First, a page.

Or just go out: The lobby d|bar at the Four Seasons Hotel Toronto (60 Yorkville Ave.) serves a dozen market oysters (currently Mallet oysters from New Brunswick) with black pepper mignonette and lemon ($36). For Champagne, they are pouring Perrier-Jouët Grand Brut ($29/glass) and Moët et Chandon Brut Rosé ($34/glass). The raw bar at La Banane is a stunning perch from which to explore the interplay of fresh-shucked oysters with a bottle from sommelier Christopher Wickens’ list of more than a dozen rare and intriguing Champagnes.

Beer and cider

Beer and cider, though quite different animals, work so well with oysters in so many ways. Without going into massive detail, we suggest you find a bar with a reputable shucker and get down to tasting. Order up your favourite beer or cider, and taste like crazy. What beer and cider bring to the picture (as opposed to wine) is some sweetness and grain-nuttiness—depending on the beer, of course. But that rich, round malty flavour of beer is a satisfyingly hefty flavour pairing, and pretty much was considered “lunch” back in the day in port towns like Boston and Montreal. Think of stout, with roasted nut and chocolate flavours that contrast with the creamy, herbal flavours of the oyster in a deliciously good way. (Stout can also power through an oyster laden with multiple toppings, from hot sauce to horseradish.) Or a wheat beer, where the citrus elements act like the lemon you might be tempted to drizzle over top. Or a hoppy lager or IPA, with its bright herbal-citrus notes. Or a dry cider, with zippy apple acidity… like a sauce all on its own. These all work. Give ’em a whirl!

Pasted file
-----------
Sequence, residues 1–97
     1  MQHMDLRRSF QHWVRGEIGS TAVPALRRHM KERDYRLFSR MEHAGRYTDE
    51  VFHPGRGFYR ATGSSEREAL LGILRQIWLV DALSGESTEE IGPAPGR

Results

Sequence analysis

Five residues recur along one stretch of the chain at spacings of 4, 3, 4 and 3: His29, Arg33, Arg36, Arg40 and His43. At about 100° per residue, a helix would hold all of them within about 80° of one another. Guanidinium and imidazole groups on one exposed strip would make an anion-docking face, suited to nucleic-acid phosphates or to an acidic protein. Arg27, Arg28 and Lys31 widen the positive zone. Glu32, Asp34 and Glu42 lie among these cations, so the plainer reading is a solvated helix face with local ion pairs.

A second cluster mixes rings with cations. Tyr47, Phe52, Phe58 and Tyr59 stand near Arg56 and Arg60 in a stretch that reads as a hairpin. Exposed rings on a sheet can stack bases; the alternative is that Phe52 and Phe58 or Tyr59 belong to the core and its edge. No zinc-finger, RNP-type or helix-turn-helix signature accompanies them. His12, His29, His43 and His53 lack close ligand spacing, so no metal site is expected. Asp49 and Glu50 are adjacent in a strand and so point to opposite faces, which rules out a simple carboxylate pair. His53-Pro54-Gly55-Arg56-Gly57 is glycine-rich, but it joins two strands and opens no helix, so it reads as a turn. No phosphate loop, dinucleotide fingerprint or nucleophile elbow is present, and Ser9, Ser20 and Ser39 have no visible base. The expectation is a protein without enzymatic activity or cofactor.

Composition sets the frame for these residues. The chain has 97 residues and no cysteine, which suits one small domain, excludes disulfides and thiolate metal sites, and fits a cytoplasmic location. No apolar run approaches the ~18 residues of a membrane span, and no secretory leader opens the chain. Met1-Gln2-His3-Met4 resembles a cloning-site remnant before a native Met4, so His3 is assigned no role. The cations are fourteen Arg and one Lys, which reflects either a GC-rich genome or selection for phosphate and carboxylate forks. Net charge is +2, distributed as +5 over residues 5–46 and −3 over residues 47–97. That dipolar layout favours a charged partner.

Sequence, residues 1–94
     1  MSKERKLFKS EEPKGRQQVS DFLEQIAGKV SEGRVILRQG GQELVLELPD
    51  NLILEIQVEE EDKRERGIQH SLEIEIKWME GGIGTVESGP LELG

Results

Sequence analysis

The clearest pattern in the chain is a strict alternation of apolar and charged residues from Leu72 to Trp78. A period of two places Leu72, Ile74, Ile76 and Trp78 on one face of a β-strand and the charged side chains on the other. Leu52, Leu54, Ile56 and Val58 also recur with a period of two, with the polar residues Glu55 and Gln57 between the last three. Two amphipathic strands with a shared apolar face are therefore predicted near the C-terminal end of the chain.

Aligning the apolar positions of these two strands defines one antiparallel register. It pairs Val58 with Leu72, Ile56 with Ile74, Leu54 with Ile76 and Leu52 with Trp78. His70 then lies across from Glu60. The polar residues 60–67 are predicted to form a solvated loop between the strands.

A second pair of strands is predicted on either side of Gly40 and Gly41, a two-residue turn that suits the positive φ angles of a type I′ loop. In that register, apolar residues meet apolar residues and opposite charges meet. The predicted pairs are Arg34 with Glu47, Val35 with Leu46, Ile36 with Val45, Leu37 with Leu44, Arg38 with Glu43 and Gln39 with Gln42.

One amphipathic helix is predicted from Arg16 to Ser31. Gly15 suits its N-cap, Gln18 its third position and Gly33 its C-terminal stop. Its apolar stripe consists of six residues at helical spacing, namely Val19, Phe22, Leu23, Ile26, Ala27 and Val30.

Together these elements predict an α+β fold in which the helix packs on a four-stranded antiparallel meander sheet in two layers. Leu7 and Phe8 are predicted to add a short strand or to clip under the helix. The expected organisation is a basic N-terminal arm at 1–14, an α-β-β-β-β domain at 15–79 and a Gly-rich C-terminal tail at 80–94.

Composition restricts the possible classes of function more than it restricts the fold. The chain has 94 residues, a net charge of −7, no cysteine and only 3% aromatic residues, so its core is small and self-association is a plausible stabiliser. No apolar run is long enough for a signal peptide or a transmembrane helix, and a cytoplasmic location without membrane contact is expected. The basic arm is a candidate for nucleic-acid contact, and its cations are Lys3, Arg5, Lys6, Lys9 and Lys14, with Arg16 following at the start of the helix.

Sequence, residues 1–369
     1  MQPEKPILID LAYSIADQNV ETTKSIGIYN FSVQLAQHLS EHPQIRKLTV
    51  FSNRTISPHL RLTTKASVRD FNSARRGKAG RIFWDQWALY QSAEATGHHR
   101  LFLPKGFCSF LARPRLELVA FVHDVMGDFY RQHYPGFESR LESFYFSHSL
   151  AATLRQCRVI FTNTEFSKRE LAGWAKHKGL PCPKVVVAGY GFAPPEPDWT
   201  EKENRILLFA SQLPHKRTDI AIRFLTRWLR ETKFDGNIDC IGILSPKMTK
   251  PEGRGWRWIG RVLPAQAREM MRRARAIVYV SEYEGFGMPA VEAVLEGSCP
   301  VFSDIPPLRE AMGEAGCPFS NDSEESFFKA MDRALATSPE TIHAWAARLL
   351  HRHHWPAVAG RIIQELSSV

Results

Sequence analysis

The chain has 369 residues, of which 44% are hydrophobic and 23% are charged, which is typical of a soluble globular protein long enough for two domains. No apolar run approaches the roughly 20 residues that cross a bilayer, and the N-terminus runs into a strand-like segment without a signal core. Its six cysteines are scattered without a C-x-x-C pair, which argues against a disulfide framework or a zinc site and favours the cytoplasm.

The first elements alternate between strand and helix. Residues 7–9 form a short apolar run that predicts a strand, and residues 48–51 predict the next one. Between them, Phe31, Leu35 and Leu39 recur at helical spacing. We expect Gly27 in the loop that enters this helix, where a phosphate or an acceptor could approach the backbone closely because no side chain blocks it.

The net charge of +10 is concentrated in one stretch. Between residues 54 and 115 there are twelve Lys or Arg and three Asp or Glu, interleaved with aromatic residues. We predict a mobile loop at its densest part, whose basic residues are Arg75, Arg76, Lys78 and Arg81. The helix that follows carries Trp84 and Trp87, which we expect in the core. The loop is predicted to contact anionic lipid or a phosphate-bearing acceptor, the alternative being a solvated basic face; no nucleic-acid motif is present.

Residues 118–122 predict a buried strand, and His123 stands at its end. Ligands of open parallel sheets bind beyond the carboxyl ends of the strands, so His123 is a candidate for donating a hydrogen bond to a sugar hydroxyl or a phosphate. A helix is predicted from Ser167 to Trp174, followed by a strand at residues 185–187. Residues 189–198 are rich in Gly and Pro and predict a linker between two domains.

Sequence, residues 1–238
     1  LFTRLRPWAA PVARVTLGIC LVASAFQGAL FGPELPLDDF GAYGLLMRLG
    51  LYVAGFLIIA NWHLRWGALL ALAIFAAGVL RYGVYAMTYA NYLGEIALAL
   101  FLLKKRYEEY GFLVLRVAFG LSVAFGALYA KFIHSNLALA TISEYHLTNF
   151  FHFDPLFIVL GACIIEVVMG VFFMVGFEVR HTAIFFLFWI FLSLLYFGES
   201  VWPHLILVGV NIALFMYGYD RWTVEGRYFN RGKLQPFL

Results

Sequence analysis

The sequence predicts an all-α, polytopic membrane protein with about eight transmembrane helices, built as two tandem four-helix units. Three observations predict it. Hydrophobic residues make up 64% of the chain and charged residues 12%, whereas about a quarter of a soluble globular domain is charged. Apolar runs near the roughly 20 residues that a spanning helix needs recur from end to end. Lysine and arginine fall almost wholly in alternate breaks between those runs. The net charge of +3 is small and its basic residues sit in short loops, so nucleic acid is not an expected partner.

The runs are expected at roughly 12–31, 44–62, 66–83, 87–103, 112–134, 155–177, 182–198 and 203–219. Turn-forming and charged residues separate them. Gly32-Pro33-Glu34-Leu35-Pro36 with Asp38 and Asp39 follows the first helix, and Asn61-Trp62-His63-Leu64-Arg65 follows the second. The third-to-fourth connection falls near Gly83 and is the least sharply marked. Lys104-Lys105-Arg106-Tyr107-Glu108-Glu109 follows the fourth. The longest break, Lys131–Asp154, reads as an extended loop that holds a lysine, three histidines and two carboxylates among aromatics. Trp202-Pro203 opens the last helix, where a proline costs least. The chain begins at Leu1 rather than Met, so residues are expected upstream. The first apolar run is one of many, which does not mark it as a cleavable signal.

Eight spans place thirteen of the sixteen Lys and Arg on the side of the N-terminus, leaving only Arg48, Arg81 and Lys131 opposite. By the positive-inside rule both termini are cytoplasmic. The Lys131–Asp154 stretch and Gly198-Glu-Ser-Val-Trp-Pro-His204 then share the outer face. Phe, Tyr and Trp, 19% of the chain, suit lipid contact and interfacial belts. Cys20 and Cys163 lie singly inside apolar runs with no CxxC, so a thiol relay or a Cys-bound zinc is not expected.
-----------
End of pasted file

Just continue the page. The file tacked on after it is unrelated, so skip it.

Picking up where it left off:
Buy a bottle (or two): Wellington Imperial Russian Stout ($3.65/473 ml can at the LCBO) or Ernest Dry Cider ($3.35/473ml can at the LCBO—it’s made from Ontario apples and sweetened with a little Ontario honey).